Gertrude Lawson House stands out. Located at 17th Street and Esquimalt in West Vancouver, British Columbia, it bears more resemblance to a Scottish castle than it does to the houses that surround it.
This is no coincidence. Gertrude Lawson built the house in the Scottish manorial style, a style she had observed and fallen in love with on a trip overseas.
Designed as a two-story residence with a full basement, the house in its original period boasted an enclosed space of 3,000 square feet. Its walls of stone and slate roof alone would make it a rarity in the Pacific Northwest, where most homes were constructed of wood, but the style of masonry raises it to an entirely different level. The stones are not cut to shape and laid in rows, as is the case with most stone masonry. Instead, large stones are set in bands of cement in a seemingly random pattern. Indeed, even the stones themselves are a rarity, not having originated in the region at all. They were brought from New Zealand as ballast for a ship.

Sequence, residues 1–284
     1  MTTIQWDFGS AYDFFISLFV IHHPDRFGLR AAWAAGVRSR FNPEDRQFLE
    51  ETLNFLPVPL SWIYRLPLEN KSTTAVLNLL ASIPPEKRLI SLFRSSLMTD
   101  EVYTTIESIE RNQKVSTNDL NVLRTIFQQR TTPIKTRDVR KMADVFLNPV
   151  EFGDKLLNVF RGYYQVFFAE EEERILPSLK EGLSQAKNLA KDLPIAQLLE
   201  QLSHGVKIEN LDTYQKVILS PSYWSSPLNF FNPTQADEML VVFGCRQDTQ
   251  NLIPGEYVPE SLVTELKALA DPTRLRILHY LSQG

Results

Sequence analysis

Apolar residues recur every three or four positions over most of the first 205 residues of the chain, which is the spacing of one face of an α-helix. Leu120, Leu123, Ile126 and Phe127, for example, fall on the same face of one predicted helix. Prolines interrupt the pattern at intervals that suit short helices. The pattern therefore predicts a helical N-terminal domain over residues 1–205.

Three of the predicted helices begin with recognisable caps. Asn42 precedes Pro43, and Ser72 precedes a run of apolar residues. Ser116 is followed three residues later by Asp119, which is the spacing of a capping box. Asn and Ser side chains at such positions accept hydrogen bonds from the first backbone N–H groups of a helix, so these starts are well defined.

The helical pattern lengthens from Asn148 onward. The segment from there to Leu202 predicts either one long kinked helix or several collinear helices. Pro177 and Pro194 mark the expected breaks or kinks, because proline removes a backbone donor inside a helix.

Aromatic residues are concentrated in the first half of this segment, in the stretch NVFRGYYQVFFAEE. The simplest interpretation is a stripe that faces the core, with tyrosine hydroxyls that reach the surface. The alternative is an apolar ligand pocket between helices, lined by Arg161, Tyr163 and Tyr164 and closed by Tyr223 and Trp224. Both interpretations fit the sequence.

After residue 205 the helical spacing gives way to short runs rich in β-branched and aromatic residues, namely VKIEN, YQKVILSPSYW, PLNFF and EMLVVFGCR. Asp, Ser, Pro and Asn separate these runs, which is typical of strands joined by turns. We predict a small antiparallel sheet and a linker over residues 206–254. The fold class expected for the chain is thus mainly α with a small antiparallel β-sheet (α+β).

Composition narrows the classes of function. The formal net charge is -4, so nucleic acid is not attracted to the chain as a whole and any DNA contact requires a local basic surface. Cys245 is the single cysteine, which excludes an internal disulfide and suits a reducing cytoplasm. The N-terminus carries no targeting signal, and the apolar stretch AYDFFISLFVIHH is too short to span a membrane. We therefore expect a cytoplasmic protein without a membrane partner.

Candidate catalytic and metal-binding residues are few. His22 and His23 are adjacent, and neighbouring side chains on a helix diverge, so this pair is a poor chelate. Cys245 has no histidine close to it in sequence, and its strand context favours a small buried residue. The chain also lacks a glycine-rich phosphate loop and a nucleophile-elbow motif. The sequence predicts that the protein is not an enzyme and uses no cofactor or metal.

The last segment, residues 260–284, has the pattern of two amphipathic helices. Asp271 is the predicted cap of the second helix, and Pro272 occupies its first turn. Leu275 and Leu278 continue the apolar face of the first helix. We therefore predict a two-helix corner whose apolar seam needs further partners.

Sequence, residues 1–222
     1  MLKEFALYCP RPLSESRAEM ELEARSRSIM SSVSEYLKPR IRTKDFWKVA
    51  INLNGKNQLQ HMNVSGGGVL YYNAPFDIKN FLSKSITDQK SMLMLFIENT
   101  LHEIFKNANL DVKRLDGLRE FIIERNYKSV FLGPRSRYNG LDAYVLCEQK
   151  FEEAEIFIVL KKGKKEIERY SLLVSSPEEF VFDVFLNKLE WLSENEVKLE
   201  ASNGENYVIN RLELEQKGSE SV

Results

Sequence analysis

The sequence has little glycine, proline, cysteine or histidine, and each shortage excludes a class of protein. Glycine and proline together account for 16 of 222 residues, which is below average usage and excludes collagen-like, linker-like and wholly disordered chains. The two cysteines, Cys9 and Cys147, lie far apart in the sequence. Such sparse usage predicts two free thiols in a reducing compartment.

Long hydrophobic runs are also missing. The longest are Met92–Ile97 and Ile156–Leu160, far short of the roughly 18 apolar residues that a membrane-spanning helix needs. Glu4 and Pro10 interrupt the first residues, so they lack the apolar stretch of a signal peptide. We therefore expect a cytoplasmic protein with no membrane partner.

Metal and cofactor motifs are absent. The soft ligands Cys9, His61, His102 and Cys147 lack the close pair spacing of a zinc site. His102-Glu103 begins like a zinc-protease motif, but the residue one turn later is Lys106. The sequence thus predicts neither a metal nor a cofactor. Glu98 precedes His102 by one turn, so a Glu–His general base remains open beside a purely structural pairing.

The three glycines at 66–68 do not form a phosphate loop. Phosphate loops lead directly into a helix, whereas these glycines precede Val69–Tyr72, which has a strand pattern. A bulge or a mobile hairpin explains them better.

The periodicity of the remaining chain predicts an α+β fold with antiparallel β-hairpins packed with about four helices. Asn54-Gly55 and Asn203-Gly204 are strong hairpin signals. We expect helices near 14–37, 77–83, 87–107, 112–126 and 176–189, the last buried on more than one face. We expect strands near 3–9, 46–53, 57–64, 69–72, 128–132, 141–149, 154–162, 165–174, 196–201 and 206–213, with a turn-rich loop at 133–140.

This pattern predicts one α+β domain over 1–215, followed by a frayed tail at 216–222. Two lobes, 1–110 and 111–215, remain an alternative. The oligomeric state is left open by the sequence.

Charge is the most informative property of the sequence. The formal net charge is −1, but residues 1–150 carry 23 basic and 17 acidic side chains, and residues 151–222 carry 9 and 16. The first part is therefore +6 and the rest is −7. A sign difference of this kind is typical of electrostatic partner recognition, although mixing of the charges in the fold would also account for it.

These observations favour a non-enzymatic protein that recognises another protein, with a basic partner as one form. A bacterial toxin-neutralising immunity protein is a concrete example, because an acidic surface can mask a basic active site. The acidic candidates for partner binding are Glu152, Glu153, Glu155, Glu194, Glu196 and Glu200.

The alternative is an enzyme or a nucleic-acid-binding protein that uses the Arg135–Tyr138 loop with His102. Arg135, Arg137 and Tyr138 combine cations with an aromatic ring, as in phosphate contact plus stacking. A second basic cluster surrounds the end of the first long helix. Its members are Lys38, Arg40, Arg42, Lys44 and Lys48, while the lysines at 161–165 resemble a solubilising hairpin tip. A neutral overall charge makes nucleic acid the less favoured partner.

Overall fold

Gertrude Lawson was a teacher and artist. She planned her home as a place where other artists and educators could gather and live. She raised a mortgage to have the house built and was the first woman granted a mortgage in British Columbia. Lawson lived in the house until her death in 1989.
Today, Gertrude Lawson House is the home of the West Vancouver Museum & Archives. It stands as an iconic reminder of the contributions made by the Lawson family to the history of Vancouver and British Columbia.